Man’s inhumanity to man is no new development. It is as old as the murder of Abel, an act no worse than the indignities to which some people in our world are being subjected today.

Two incidents highlight man’s dehumanization of man in our time. In the book My Testimony Anatoly Marchenko describes what goes on in Soviet prison camps today. His account of the indignities and brutalities visited on Soviet citizens brings tears to the eyes. He tells of some persons who had been so dehumanized that they pretended they were trying to escape so their guards would shoot them to death. Others actually mutilated themselves to express their revulsion of the system and of its criminal leaders (Lenin, Stalin, Khrushchev, and others), a striking testimony to the tenacity of the human spirit even after a man has been starved, beaten, and grossly degraded.

The second incident concerns Anatoly Kuznetsov, a well-known Soviet author who defected to the West on July 30. Kuznetsov was not an escapee from a prison camp, and his body bore no marks of physical maltreatment. But his wounded spirit, no longer able to endure the total loss of freedom and personal integrity to think and to write, drove him to flee from a secret-police state within which there was no hope of deliverance. Each of these accounts makes it clear that the Soviet “paradise” is a prison camp, subhuman and malevolently brutal, where freedom is dead. One Soviet writer has said, “Fear is the only freedom left to us, the freedom to fear.”

What is true in the Soviet Union is true in other lands as well. The Chinese have known nothing but repression, brain-washing, and curtailment of even the most elementary freedoms. The people of Franco’s Spain have been in bondage to totalitarianism for decades. Albania languishes under the sting of the tyrant’s whip, its people deprived of the right to think, write, and speak as they wish. The most recent example of the death of freedom is Czechoslovakia, a country that was cruelly raped by the Soviets a little more than a year ago. Freedomless, the current reactionary regime has gone so far as to proclaim that the Soviet invasion was not only necessary but justifiable. As the New York Times says, the most tragic aspect of this demeaning and farcical admission is the implication “that black is white, war is peace, and evil is virtue.… Joseph Stalin never falsified history more outrageously.”

Totalitarianism, whether to the left or, as in the case of Hitler, to the right, always means the death of freedom. It always uses force and torture. It always dehumanizes men. Totalitarianism is antithetical to freedom, to love, and to brotherhood. Real freedom can never exist in Communist-controlled societies, for real freedom allows for dissent, and Communism cannot permit dissent.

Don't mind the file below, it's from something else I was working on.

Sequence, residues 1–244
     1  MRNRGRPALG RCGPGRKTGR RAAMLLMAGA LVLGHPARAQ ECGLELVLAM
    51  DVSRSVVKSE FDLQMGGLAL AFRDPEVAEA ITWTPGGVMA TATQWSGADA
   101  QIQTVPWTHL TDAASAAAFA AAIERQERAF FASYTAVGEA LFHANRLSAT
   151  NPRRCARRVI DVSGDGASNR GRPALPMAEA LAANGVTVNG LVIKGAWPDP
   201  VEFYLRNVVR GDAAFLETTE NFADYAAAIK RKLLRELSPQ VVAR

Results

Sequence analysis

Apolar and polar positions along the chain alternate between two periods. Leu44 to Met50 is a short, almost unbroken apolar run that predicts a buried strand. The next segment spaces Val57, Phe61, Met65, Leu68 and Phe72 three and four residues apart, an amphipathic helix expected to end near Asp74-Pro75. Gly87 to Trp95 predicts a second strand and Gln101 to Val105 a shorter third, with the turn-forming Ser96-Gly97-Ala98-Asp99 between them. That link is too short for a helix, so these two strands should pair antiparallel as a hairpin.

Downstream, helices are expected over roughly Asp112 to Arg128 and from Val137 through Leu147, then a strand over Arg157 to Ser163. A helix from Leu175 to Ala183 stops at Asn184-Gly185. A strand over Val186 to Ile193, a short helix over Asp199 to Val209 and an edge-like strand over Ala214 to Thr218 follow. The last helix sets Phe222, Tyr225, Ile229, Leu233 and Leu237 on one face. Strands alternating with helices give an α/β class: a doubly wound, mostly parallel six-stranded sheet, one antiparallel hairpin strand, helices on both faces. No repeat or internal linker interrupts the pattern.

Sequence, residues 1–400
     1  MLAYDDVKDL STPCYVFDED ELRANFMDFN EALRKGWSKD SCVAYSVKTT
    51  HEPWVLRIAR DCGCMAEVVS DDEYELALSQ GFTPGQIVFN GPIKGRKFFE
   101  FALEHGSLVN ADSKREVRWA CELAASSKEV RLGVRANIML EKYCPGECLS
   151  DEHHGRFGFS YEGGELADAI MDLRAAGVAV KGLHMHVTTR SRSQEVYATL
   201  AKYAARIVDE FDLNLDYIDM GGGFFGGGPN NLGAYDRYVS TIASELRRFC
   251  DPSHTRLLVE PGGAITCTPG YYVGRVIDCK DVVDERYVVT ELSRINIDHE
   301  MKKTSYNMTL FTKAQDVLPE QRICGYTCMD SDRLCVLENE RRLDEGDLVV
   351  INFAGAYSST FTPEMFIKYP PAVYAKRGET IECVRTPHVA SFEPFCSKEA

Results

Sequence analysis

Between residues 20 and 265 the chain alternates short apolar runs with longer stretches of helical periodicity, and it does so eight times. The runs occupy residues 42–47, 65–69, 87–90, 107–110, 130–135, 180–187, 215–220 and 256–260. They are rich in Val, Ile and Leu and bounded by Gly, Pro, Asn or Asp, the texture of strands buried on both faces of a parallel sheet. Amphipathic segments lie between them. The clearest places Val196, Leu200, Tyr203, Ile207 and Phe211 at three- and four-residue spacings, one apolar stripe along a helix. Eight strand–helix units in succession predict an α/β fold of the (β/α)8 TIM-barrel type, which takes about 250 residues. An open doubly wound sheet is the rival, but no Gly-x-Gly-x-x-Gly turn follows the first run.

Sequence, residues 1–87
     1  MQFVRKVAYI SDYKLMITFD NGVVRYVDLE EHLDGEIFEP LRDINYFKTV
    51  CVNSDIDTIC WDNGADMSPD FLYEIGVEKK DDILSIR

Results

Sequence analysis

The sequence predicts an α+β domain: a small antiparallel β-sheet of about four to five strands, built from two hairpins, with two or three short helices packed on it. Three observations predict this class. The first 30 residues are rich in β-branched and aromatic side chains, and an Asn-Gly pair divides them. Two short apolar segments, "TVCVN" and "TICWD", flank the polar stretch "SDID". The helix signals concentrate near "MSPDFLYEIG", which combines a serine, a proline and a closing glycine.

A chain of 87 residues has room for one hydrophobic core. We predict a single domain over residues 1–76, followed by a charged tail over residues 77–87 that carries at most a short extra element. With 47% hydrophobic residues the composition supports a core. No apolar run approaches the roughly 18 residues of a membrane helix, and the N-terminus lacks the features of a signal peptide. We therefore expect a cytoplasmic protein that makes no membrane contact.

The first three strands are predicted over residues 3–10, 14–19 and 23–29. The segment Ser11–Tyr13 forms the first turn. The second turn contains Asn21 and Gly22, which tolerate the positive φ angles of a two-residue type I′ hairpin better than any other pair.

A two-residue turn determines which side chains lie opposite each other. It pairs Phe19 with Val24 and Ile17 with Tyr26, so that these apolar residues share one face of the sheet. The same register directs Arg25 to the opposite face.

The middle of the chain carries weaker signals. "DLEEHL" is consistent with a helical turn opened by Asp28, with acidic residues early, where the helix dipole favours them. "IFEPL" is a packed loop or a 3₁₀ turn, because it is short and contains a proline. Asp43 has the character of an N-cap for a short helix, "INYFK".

The Western democracies have their own problems. Discrimination, racism, and human exploitation exist in varied forms. Barbaric torture of prisoners is practiced even in our own country. Life magazine is to be commended for its recent revelations of the situation at the Marines’ Camp Pendleton. Perhaps even more intolerable than the alleged cruelties of the guards is the unwillingness of the authorities to face the possibility that such practices may exist. But such evils occur because some people fail to put into practice the principles that underlie democracy, not because democracy’s principles in themselves support such evils. The democracy differs from the totalitarian state in one very significant regard: its people are free. Free to think, and to write and publish what they think. Free to expose wrongdoing in their country. Free to propagate their beliefs. Free to leave the country and go to live somewhere else.

Freedom means that men must tolerate views with which they disagree. Madalyn Murray O’Hair is free to utter her foul diatribes and mount her attacks against Christianity even as the Christian can speak on behalf of Jesus Christ. Freedom makes possible the existence of an American Nazi enclave and a U. S. Communist party. Much as we may dislike what these groups stand for, we accept their existence as a requirement of freedom.

Although democracy is not perfect, it stands far beyond any form of totalitarianism. Its principles are sound, while those of totalitarianism are not. Democracy finds the best support for its notion of freedom in the Christian faith. Christianity proclaims that man is made in the image of God and that only the free man can be held accountable for his actions. To the extent that his freedom is curtailed, the image of God is defaced in him.

Communism can never have a human face, for as soon as it becomes human it ceases to be Communist. The editor of the Indianapolis Star wrote:

Someone said people who want to change democracy for socialism are “blind,” and added, “Life in Russia is a nightmare which has to end sometime.”
Someone else said, “There will never be any progress or peace in this hemisphere as long as the Communist imperialism possesses a sanctuary in Cuba, thus being able to indirectly conspire against and attack all the nations in America.”
Do these statements sound as if they were uttered by ultra-right wing partisans with no experience of living in Red-controlled lands?
The first quote is from Svetlana Alliluyeva, Josef Stalin’s daughter. The second is from Juanita Castro, Fidel’s sister.

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